Bring Meaning to Work and Purpose to Spirituality
In the management classic, The Trusted Advisor, a group of consultants from the top of their profession laid out a roadmap for building trust in their clients. Credibility, reliability, intimacy and non-self-orientation have been prescribed as the path to increasing level of trust for the client-advisor relationship.
In my own experience, credibility and reliability are indeed the necessary foundation of trust in any type of human relationship. Trust, unlike good will, is NOT free and must be earned through challenging experiences. Soldiers trust each other only after they have demonstrated the willingness of holding each other’s back. A business team starts to bond only after going through some tough challenges together, completing a difficult assignment or achieving an unrealistic goal. In all cases, credibility and reliability are the entry tickets to taking even greater risks and building even deeper trust.
Where things get tricky is the notion that intimacy builds trust. My experiences suggest that intimacy cannot be separated from non-self-orientation in the original formula. Whenever intimacy comes at the expense of non-self-orientation, the resulting trust does not last. Soon or later it implodes. The path to non-self-orientation goes through vulnerability first and foremost with intimacy only as a secondary attribute of the experience. Our biggest learning and growth comes from facing and dealing with unfamiliar situations when we feel insecure and vulnerable, just like soldiers go to war without having experienced war before. If we survive it, we succeed in building trust. Otherwise, it doesn’t matter how brilliantly we decorate ourselves in words. Therefore, vulnerability is more important and crucial than intimacy for building trust. Intimacy for the sake of intimacy could be an obstacle, not catalyst, of building trust as it shelters us from real challenges and conflicts and induces group think which prevents us from facing and achieving genuine progress or breakthroughs.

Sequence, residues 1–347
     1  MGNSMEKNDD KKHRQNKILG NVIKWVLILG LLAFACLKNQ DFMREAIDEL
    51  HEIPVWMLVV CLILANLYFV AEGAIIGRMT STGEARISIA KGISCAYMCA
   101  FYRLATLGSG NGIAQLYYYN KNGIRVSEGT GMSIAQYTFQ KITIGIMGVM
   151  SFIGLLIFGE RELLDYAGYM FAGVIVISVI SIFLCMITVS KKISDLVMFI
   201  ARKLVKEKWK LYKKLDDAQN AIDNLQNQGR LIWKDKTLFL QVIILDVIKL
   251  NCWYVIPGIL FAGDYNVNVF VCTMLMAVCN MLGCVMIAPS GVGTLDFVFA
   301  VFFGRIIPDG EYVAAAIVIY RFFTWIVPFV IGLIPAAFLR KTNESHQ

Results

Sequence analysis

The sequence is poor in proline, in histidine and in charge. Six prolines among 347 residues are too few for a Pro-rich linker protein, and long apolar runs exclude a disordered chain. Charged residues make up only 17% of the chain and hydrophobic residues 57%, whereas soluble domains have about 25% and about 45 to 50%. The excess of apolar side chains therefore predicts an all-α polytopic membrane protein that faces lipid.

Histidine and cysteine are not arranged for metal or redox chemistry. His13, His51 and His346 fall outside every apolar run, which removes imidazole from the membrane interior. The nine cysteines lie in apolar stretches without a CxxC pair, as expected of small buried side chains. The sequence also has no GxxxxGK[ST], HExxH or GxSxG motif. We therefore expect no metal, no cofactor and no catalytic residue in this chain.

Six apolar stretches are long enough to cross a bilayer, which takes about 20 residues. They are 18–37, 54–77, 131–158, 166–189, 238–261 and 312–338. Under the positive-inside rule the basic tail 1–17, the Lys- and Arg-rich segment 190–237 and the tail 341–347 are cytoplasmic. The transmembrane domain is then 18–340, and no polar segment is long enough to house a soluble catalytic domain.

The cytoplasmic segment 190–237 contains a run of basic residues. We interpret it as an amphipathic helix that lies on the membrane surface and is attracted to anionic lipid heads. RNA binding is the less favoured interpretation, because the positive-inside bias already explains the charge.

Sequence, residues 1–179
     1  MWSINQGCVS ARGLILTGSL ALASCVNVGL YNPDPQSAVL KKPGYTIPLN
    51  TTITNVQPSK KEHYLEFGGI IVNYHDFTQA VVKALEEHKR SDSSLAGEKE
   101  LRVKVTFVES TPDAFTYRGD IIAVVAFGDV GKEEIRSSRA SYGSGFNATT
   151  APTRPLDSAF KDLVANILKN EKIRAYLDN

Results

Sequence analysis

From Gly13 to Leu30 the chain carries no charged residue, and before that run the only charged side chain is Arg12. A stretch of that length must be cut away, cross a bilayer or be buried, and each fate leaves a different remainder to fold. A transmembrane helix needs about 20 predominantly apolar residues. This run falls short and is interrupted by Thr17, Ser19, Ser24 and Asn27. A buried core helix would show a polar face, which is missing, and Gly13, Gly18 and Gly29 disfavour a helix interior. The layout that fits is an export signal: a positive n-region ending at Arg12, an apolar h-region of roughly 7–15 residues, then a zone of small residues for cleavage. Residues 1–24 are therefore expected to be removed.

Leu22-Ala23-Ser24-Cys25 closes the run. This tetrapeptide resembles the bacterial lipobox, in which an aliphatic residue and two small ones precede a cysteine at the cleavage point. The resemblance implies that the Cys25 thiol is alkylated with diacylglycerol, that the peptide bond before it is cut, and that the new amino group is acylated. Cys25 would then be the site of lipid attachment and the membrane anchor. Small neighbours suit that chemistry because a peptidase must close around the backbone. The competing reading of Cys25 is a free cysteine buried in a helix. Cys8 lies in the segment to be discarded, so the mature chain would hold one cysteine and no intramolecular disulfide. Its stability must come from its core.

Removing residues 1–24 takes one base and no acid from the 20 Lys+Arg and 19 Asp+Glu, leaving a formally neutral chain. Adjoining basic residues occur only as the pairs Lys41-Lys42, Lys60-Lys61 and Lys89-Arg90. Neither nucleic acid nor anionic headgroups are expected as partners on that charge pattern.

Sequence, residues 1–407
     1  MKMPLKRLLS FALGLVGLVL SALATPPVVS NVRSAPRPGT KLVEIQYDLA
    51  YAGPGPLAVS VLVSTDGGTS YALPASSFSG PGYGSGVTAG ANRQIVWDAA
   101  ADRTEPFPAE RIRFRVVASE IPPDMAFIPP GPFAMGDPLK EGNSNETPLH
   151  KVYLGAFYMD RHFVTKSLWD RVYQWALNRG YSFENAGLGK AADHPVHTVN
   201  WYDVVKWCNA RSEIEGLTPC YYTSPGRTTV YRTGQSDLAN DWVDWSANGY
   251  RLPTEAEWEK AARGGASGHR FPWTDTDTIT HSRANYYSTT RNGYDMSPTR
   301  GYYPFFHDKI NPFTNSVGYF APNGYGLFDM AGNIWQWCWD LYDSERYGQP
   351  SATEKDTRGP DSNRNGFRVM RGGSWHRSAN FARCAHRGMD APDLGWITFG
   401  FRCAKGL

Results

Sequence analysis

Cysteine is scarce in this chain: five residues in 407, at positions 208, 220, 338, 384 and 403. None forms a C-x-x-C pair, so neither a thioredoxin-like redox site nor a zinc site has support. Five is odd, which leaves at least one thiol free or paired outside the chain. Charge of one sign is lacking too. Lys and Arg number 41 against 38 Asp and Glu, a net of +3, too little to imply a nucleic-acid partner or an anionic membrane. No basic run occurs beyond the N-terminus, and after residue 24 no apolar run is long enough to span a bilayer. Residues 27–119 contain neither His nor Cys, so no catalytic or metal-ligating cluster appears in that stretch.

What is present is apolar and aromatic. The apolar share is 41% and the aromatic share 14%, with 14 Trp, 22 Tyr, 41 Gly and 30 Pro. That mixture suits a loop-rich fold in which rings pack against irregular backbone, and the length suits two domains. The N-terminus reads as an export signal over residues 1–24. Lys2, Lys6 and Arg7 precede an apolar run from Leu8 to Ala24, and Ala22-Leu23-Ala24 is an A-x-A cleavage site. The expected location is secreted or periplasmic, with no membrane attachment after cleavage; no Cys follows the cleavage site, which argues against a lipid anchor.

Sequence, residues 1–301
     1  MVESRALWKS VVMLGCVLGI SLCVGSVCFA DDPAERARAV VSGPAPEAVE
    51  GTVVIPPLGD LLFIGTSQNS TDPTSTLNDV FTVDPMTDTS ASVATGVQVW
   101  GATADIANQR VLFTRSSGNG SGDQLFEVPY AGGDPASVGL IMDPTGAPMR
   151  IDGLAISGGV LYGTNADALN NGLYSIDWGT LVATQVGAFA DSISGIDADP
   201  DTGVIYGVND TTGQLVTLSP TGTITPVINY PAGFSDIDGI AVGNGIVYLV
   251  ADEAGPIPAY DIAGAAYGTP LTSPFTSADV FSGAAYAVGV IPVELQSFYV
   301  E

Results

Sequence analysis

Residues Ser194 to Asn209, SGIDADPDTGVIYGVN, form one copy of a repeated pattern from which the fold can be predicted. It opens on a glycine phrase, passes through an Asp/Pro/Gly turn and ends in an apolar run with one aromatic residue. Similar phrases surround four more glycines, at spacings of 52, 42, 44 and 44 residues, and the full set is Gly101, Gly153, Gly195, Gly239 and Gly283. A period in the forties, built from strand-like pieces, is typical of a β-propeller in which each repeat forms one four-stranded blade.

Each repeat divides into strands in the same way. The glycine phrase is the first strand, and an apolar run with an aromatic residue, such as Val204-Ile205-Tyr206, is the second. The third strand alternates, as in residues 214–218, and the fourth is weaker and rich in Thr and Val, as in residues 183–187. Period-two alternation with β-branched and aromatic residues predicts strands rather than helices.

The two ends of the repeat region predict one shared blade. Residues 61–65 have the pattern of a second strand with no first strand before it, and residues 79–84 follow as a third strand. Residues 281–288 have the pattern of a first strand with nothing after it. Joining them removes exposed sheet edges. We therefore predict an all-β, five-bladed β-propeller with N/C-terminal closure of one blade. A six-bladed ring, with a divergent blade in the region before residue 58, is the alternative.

Another critical element missing from this recipe of trust is purpose. No one in his or her right mind would confront the pains of vulnerability without a compelling purpose. To build sustainable trust between human beings, they must share a common purpose to some degree. In fact, the depth of their trust will go only as deep as their shared purpose would allow. Beyond that, it becomes blind, confused and untrustworthy – the definition for lack of trust.
So here is my revised recipe of building trust: credibility, reliability, vulnerability and purpose. Give it a try and see if it works.